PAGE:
This summer, I’ll be taking five of my former English students to Accra, Ghana to continue to work on a project started a few months ago called The Ghana Sports Initiative. Sponsored and made possible by Brute Labs, this trip is the re-imagination of the summer volunteer abroad trip, and a chance for me to share my most cherished lessons and experiences in the field with college students aspiring to work in international development.
When I returned to my teaching career after a year of working in Ghana, some of my students would ask me to take them the next time I went. I dismissed these requests as typical teenager talk, but a few of them persisted well into college. Incredibly, talks of starting a small development project gained momentum in the Fall of 2010. In those initial conversations, we defined some of the core values that still govern our project today:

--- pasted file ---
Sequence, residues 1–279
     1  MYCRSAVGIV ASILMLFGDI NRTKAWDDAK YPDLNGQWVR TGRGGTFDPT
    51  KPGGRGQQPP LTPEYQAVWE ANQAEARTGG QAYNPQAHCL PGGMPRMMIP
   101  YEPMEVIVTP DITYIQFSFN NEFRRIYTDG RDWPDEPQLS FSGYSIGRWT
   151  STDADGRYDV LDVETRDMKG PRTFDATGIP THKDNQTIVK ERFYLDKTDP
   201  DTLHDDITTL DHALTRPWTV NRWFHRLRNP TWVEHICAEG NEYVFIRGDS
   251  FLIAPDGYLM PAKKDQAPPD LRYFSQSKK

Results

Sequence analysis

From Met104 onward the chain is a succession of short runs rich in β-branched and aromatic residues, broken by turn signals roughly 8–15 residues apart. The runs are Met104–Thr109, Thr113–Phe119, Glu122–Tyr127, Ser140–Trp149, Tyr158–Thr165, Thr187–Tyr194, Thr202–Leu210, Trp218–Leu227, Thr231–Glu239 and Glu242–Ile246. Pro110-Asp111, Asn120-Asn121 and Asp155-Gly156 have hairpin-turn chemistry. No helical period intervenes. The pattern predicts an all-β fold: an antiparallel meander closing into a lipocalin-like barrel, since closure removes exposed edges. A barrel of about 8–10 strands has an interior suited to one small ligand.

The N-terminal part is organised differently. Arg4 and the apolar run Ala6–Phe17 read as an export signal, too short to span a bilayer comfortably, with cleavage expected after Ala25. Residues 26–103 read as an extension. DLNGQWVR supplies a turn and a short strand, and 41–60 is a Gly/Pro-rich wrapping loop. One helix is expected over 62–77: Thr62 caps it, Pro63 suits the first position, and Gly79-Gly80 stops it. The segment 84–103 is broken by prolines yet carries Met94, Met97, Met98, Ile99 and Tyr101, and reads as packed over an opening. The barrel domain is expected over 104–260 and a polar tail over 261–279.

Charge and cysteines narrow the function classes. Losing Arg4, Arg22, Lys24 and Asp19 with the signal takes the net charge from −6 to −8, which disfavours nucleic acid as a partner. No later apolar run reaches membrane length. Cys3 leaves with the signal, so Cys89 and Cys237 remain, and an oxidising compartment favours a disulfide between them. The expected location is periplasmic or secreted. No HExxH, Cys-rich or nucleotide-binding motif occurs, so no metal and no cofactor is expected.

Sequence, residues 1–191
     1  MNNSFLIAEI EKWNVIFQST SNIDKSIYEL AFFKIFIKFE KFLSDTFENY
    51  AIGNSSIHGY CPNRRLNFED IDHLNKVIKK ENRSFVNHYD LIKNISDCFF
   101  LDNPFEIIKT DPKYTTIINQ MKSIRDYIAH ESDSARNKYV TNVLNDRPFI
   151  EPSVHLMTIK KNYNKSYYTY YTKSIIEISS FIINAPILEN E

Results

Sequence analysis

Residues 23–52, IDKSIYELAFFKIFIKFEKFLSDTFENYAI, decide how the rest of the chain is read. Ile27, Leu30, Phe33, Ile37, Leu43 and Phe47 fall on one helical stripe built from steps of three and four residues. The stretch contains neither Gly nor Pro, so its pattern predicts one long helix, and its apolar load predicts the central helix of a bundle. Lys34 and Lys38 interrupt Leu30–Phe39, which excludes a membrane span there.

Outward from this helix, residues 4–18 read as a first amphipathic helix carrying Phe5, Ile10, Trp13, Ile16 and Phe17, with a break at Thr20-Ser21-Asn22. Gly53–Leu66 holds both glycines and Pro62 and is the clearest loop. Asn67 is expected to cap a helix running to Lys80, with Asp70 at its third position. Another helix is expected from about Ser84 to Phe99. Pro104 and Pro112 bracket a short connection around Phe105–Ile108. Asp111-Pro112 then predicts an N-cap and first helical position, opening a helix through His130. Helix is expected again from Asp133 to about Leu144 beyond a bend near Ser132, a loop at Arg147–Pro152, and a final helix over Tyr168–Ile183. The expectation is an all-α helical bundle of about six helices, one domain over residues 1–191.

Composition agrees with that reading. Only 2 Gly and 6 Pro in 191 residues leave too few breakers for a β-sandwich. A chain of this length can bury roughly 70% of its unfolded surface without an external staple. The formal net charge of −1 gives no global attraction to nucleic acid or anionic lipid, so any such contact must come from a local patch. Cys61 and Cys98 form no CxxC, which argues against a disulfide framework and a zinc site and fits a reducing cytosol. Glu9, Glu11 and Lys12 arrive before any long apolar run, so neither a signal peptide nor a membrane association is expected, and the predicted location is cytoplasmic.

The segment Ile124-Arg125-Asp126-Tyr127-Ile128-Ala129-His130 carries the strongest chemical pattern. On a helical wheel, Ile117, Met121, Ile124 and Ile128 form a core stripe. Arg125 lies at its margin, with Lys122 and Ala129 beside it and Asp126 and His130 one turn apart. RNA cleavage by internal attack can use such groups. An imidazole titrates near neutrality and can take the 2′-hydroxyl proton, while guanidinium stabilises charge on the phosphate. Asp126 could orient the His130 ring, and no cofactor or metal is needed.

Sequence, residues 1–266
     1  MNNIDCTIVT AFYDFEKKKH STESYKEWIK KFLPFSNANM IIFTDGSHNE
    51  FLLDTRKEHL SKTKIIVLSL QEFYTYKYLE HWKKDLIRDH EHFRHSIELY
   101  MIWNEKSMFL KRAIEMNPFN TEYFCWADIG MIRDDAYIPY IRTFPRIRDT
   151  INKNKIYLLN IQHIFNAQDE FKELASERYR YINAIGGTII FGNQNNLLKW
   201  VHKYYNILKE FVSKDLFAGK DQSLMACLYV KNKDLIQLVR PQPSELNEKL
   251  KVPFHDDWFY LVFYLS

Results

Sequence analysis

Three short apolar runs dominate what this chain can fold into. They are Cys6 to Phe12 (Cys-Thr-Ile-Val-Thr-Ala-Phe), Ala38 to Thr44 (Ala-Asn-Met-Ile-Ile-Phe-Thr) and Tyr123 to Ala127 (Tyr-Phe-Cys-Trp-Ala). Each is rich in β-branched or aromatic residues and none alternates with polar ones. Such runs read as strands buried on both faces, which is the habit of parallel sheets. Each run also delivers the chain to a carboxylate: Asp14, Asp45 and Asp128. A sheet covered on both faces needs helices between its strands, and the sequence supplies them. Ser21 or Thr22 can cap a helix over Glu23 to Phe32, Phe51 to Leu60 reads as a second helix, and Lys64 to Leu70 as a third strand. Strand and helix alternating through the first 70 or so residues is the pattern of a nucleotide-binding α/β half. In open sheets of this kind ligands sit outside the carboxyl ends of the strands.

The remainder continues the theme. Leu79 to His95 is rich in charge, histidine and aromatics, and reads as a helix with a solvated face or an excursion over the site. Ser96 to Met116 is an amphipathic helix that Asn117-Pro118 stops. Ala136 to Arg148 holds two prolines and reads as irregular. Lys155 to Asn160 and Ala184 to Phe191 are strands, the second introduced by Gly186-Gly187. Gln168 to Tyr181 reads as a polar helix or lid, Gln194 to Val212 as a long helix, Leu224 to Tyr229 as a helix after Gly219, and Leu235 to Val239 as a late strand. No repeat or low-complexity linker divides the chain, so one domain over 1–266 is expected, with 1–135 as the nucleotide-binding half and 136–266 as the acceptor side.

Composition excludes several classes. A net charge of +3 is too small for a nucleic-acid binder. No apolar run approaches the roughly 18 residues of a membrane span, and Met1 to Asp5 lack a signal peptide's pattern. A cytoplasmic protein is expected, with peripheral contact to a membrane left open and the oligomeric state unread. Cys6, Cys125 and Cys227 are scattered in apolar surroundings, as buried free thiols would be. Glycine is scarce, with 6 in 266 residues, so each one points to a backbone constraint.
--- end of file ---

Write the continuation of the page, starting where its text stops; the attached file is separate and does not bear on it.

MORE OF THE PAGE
I had been following stories about Ghana’s lack of Olympic participation and hearing about young parents who bemoaned the lack of sporting opportunities for their children. Why was a country like Ghana, who had just beaten the United States in the World Cup, struggling to develop positive sporting opportunities for their children? Our team felt compelled to investigate this question and felt we could apply our enthusiasm, our personal experiences, and our academic training in offering solutions.
For months now, we’ve been immersing ourselves in relevant academic literature, interviewing university professors and career development workers, and establishing contacts in Ghana. This summer, we’ll be conducting interviews, building partnerships, and taking on small sports development projects in the interests of first building our own capacity.
My kids are already learning real lessons in international development, social entrepreneurship, and non-profit management. As their capacity grows, so does our initiative’s. The lessons I will enjoy passing on the most are the ones I learned in my own year abroad: it takes far more than good intentions to do good, nationals have the most interesting things to say about their own development, and that real development work is typically unglamorous and without grandiosity.
John Rue is an English teacher at Campbell Hall school in North Hollywood, CA. Learn more about this project at www.ghanasportsinitiative.org.